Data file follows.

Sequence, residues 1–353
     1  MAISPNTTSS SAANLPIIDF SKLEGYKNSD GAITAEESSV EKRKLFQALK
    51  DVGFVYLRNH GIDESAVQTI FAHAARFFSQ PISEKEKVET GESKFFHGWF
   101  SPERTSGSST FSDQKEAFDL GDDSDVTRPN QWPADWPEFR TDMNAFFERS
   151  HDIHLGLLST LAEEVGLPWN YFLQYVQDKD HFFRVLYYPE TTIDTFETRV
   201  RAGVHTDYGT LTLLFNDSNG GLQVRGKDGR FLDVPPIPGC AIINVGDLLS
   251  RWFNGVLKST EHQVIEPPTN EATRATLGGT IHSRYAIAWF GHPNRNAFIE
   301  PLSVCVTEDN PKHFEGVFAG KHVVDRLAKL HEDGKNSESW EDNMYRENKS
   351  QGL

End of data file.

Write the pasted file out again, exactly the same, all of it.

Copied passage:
Sequence, residues 1–353
     1  MAISPNTTSS SAANLPIIDF SKLEGYKNSD GAITAEESSV EKRKLFQALK
    51  DVGFVYLRNH GIDESAVQTI FAHAARFFSQ PISEKEKVET GESKFFHGWF
   101  SPERTSGSST FSDQKEAFDL GDDSDVTRPN QWPADWPEFR TDMNAFFERS
   151  HDIHLGLLST LAEEVGLPWN YFLQYVQDKD HFFRVLYYPE TTIDTFETRV
   201  RAGVHTDYGT LTLLFNDSNG GLQVRGKDGR FLDVPPIPGC AIINVGDLLS
   251  RWFNGVLKST EHQVIEPPTN EATRATLGGT IHSRYAIAWF GHPNRNAFIE
   301  PLSVCVTEDN PKHFEGVFAG KHVVDRLAKL HEDGKNSESW EDNMYRENKS
   351  QGL